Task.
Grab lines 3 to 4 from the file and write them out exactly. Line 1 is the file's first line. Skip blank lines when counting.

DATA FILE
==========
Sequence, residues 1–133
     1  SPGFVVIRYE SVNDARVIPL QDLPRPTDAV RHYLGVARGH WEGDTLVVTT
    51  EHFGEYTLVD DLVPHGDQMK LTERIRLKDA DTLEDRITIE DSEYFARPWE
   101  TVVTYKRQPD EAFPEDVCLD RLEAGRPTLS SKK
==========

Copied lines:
    51  EHFGEYTLVD DLVPHGDQMK LTERIRLKDA DTLEDRITIE DSEYFARPWE
   101  TVVTYKRQPD EAFPEDVCLD RLEAGRPTLS SKK